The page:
3131 E. Thomas Rd, Phoenix, AZ 85016 | Mon - Fri: 8:00 AM - 5:30 PM | Sat: 8:00 AM - 1:00 PM | Ph: 602-955-5757 | info@azvet.com

3131 E. Thomas Rd, Phoenix, AZ 85016 | Mon - Fri: 8:00 AM - 5:30 PM | Sat: 8:00 AM - 1:00 PM | Ph: 602-955-5757 | info@azvet.com

Preventative Care

Preventative Care

The proactive approach to canine veterinary care

Preventative care is a dog’s first line of defense. Annual exams help by preventing, diagnosing and treating disease in its early stages, often before any noticeable symptoms begin. The earlier treatment starts, the more effective it is, keeping your pet from unnecessary pain and suffering.

Preventive Health Measures

Annual Veterinary Exams: Animal Care Hospital of Phoenix’s comprehensive annual exams evaluate temperature, skin and coat, ear and hearing acuity, lung and chest, internal health, oral hygiene, eye and visual responsiveness.

Vaccinations: Updated vaccinations and booster shots are a highly effective way to prevent many common diseases and infections like distemper, rabies and parvo.

Dental Care: Oral health is an important part of your pet’s life; annual teeth cleanings are the best method to maintain and improve dental wellbeing.

Parasite Control: prevention and eradication is a simple and efficient process when anti-parasitic medication is used regularly.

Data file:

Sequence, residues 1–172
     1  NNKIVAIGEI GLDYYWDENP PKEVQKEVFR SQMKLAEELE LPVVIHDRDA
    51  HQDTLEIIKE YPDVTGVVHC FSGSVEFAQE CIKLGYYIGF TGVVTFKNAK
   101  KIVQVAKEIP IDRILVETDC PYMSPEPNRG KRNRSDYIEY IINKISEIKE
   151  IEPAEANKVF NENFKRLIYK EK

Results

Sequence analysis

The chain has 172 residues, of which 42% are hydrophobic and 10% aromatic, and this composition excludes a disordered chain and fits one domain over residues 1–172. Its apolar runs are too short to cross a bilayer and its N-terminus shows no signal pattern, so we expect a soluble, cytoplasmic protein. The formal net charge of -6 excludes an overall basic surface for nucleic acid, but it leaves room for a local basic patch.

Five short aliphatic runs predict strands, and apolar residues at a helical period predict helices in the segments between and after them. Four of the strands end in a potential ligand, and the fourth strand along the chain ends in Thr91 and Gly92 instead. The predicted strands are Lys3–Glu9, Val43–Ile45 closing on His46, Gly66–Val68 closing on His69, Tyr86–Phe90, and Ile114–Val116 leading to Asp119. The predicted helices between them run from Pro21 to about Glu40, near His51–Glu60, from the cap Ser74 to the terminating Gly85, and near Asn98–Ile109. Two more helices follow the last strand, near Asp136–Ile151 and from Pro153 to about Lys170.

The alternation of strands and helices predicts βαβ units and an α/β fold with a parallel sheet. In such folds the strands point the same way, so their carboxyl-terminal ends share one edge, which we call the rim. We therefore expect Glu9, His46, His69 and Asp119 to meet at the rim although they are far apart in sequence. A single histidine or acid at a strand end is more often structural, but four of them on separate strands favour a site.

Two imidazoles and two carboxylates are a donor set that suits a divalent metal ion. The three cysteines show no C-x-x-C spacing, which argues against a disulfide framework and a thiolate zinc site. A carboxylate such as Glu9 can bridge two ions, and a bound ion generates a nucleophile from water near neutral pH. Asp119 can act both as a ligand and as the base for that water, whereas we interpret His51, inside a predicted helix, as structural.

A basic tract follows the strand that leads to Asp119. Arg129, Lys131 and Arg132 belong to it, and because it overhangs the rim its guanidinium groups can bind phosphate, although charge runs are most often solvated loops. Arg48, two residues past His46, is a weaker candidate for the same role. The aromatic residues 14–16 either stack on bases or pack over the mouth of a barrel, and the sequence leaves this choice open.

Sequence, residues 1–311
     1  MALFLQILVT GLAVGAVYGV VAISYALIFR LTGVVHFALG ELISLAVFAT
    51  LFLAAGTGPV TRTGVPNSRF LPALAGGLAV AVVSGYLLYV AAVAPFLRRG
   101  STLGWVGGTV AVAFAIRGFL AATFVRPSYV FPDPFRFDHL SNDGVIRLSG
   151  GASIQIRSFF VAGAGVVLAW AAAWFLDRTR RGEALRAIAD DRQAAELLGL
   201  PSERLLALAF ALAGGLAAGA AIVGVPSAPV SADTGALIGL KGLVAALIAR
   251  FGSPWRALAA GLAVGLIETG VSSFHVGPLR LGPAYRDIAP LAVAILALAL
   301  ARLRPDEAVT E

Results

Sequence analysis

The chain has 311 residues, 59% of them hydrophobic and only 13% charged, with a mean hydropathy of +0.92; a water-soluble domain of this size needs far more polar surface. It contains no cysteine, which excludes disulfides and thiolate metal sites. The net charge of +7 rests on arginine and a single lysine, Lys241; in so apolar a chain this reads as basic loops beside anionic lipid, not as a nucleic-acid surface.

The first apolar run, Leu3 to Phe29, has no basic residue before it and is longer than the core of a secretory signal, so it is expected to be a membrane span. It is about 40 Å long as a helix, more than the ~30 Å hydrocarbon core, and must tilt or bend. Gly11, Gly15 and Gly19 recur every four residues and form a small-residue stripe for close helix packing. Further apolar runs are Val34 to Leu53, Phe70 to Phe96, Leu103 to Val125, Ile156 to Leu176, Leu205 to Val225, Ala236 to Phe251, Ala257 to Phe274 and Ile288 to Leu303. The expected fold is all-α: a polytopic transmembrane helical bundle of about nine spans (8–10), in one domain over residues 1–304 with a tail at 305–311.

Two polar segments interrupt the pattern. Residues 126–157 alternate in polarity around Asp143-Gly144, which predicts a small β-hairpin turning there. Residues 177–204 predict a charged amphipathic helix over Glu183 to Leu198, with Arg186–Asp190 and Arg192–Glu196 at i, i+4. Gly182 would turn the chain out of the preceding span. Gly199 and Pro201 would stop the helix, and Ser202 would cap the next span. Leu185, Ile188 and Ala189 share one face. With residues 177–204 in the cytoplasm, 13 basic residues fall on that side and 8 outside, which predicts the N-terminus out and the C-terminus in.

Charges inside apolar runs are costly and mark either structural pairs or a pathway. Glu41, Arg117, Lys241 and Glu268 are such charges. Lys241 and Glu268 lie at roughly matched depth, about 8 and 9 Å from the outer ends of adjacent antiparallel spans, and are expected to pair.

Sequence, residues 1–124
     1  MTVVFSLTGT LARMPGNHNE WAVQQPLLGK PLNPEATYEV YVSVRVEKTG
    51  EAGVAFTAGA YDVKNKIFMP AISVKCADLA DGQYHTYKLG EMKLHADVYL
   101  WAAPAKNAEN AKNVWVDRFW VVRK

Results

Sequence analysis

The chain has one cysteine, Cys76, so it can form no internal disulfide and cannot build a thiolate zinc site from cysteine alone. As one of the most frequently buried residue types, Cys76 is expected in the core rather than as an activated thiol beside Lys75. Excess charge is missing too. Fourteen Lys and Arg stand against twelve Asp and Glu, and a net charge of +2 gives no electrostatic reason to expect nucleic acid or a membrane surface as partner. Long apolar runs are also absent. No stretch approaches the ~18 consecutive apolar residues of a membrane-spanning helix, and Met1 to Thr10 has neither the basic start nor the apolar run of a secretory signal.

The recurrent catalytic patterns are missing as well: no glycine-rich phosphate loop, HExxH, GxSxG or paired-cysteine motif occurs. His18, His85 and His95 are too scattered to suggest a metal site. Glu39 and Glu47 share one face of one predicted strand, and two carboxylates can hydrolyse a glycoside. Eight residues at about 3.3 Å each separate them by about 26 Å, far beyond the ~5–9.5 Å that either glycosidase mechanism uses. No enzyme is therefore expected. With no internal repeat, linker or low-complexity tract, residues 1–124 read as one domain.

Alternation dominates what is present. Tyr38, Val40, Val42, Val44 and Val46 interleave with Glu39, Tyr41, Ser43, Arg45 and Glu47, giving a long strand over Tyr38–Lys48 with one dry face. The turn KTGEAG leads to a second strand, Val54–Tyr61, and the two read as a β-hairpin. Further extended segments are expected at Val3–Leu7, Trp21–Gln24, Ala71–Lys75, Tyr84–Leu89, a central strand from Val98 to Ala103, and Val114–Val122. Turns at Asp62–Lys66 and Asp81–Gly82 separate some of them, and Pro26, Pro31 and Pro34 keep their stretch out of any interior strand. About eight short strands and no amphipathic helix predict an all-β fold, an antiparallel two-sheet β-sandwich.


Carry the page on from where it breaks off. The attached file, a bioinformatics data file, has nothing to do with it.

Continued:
Skin and Coat Care: Grooming and washing are fundamental aspects of proper pet hygiene. Skin and hair health prevents mange, matting, bacterial infections and more.

Proper Nutrition: Proper nutrition supports all of your pet’s bodily processes, bolstering their immune system and ensuring normal development.

Behavioral Evaluation: Changes in mood or behavior are often symptoms of underlying medical conditions, identifying these shifts help to identify and treat the root cause.

Exercise: Regular workouts support skeletomuscular and cardiovascular health in dogs of all ages.

Senior Animals

Preventative care becomes more significant for aging dogs, Animal Care Hospital of Phoenix recommends increasing exams to twice a year for elderly animals. As pets get older they are prone to many age-related diseases that are increasingly difficult to diagnose and treat. Many preventive health measures must be adjusted to better suit the medical needs of senior animals.

The proactive approach to feline veterinary care

Preventative care is a cat’s first line of defense. Annual exams help by preventing, diagnosing and treating disease in its early stages, often before any noticeable symptoms begin. The earlier treatment starts, the more effective it is, keeping your pet from unnecessary pain and suffering.

Preventive Health Measures

Annual Veterinary Exams: Animal Care Hospital of Phoenix’s comprehensive annual exams evaluate temperature, skin and coat, ear and hearing acuity, lung and chest, internal health, oral hygiene, eye and visual responsiveness.

Vaccinations: Updated vaccinations and booster shots are a highly effective way to prevent many common diseases and infections like feline Panleukopenia, Rhinotracheitis and rabies.

Dental Care: Oral health is an important part of your pet’s life; annual teeth cleanings are the best method to maintain and improve dental wellbeing.

Parasite Control: prevention and eradication is a simple and efficient process when anti-parasitic medication is used regularly.

Skin and Coat Care: Grooming and washing are fundamental aspects of proper pet hygiene. Skin and hair health prevents mange, matting, bacterial infections and more.